Anytime you feel physically or mentally unwell you seek out the expertise of a trusted practitioner. But what happens when your brand's vitals start to flatline? Maybe your sales have taken a dip, or perhaps your social engagement has stagnated. While it’s easy to blame a combination of outside factors, from current events to natural ebbs and flows, wouldn’t it be nice to know for sure?
That’s where brand health tracking comes into play.
In the simplest terms, brand health measures the performance of a brand. So if your brand is performing well, it is considered healthy. Taken a step further, it analyzes how your audience interacts with your products and their sentiments towards your brand as a whole. This can be tracked through several key indicators, from brand awareness to Net Promoter Score (NPS). But, we’ll circle back to these a little later on.
Why it Matters
When it comes down to it, your organization's most valuable asset is your brand. So, you can’t just leave its health up to chance. A consumer's perception of your brand can be the difference between instant trust and skepticism or strong engagement and disinterest. If your brand is unhealthy, it could actively damage your organization.
Even if your sales are trending upwards and you’ve effectively captured your audience, tracking brand health allows you to see what truly matters to your audience from a 10,000ft view. This gives you space to clearly identify strengths, weaknesses, and opportunities. And in uncertain or volatile times, tracking your brand's health gives you the power of agility, allowing you to gauge the market and adjust when needed.
As for metrics, many key drivers can indicate consumers' perception of your brand. They include:
Brand Awareness: a consumer's ability to recognize your brand. Questions could include: “Which of the following brands have you heard of?” or “How did you hear about [BRAND]?”
Brand Purchase: identifies previous and existing customers. Questions might include: “Have you purchased a [BRAND] product?” or “How did you purchase [PRODUCT] from [BRAND]?”
Brand Usage: determines how often a customer has purchased and used your product. Questions could include: “How often do you use [BRAND]?” or “Which of these brands do you use regularly?”
Brand Perception: a consumer's overall perception of a brand, including its quality, performance, customer support, aesthetic, etc. For these types of questions, we generally use a Likert scale to see how much consumers agree with statements like: “This brand is relevant to me” or “This brand has earned a strong reputation.”
Brand Preference: the degree to which a consumer will choose your brand over the competitors. Similarly, we can utilize a Likert scale to assess how much consumers agree with statements like: “[BRAND] stands out from its competitors” or “I am strongly committed to [BRAND].”
Brand Loyalty: the likelihood of customers continuing to purchase your products and engage with your brand. Yet again, we use a Likert scale to find out how much consumers agree with statements like: “I am likely to purchase from [BRAND] again” or “I plan to buy from [BRAND] again in the future.”
Net Promoter Score:the probability that a customer will recommend your product or brand. This question is simply: “On a scale of 1-10, how likely are you to recommend [BRAND] to your friends and family?”
Fielding a survey that covers the components above can give you feedback from a wide range of consumers. If you are interested in hearing only from existing customers, you can employ NLP, once again, to extract sentiment from product reviews. However, it can also be helpful to send current customers a feedback survey to understand the full breadth of their experience.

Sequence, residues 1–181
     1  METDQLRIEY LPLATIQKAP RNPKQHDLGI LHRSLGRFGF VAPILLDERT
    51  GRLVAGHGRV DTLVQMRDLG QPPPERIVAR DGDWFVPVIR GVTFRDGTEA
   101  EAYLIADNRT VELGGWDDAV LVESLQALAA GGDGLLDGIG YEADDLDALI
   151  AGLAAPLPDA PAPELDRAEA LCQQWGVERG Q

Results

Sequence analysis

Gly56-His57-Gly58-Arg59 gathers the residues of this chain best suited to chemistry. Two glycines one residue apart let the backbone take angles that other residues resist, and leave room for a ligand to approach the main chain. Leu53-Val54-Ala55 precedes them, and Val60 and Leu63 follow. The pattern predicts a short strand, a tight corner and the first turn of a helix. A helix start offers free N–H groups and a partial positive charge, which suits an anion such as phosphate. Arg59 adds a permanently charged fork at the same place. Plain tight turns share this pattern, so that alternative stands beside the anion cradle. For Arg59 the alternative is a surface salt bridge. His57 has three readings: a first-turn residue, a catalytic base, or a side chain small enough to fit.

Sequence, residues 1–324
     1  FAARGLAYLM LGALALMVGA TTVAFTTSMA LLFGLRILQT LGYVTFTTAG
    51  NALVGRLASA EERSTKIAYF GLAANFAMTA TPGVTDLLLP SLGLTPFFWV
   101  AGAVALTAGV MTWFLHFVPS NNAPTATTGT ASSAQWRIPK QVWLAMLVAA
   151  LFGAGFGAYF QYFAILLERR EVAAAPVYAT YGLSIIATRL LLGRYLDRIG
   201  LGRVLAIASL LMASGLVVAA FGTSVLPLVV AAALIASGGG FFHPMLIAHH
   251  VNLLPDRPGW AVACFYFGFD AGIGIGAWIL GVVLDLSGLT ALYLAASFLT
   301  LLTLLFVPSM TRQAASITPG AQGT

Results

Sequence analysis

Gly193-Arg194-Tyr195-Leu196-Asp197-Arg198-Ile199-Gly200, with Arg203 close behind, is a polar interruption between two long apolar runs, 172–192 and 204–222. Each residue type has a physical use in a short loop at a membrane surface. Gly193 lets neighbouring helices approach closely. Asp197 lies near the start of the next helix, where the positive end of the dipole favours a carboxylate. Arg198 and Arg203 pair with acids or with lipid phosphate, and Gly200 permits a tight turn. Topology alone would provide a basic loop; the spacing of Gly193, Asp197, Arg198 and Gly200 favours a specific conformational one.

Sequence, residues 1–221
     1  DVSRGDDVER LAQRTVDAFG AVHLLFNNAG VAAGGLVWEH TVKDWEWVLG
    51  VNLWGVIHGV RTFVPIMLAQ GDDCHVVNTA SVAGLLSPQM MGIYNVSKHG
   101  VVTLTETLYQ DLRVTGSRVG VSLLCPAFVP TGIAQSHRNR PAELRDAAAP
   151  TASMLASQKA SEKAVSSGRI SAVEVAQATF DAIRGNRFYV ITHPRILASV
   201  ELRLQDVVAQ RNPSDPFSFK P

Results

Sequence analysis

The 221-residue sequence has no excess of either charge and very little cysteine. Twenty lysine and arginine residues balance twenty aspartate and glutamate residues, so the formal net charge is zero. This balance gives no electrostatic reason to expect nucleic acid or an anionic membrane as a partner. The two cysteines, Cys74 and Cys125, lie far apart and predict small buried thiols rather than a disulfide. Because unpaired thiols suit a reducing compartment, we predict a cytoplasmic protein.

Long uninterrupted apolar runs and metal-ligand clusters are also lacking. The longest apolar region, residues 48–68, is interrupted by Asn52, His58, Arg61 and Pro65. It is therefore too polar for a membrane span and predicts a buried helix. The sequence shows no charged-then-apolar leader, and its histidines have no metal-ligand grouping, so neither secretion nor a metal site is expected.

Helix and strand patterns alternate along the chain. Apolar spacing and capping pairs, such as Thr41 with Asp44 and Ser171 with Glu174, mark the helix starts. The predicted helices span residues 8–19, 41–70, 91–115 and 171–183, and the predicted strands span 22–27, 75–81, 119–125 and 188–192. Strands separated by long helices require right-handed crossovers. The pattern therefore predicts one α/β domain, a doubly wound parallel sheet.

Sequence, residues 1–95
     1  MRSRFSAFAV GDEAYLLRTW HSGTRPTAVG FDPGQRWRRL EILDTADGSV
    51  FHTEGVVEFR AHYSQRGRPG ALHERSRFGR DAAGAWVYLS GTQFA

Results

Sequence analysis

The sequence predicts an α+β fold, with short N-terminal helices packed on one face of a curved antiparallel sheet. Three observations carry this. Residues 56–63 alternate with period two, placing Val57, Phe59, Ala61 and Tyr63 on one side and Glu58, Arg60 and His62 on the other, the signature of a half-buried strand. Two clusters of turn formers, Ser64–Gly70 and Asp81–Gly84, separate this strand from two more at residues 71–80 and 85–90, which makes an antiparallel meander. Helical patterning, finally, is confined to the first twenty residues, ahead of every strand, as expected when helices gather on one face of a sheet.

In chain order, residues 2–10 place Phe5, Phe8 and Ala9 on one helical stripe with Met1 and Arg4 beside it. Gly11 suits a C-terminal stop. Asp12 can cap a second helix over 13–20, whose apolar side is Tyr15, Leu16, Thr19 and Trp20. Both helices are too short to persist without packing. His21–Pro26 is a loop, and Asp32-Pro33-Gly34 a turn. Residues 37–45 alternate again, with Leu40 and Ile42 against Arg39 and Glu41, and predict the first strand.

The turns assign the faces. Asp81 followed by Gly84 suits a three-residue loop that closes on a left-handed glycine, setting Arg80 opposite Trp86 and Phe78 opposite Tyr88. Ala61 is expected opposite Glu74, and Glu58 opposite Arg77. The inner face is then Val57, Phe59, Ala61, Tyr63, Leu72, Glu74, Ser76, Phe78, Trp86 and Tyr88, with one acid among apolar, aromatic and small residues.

Run the Numbers
Once the data has been collected from your study, it’s time to analyze the results. The first step is to simply look at your overall results. Compile the raw data you gathered and assign it values so that responses can translate to meaningful information. NLP technology will help you analyze the responses from open-ended questions to distill overarching themes and connections.
How did your target audience respond to your survey? Did they have positive or negative things to say about your brand or products? Do you have a high or low NPS? Keep an eye out for criticisms or compliments that are repeated often- these can give you crucial insight as well.
From here, you can dig even deeper to understand how different consumer segments react to your brand and what they find important. Similarly, filter the data by variables that matter to you to compare and contrast how different audiences feel about your brand and messaging.
Keep Checking the Pulse
After you’ve completed your first brand health tracking study it becomes simpler to replicate the process to keep a pulse on your market. It’s important to measure the feelings of your target audience often over time to see how your product launches, advertisements, events, or messaging can change public perceptions.
Many different factors may affect how often you should run your brand tracking research. If, for example, you simply want to monitor the impacts of your brand-building efforts, quarterly tracking is a common choice. Conversely, monthly tracking may be best if you’re measuring the influence of a new marketing campaign. When current events create uncertainty or volatility in the market (like COVID-19), it can be helpful to track your brand's health on a weekly or monthly basis. This level of frequency gives you data in real-time, allowing you to optimize as you go.
Now that you have the know-how, you’ve got to choose the best platform for your research! SightX gives you the flexibility to design your study, build surveys, gather responses, and analyze results all in one platform. Our data analysis tools make it simple to continuously evaluate the health of your brand and the level of your consumer’s engagement.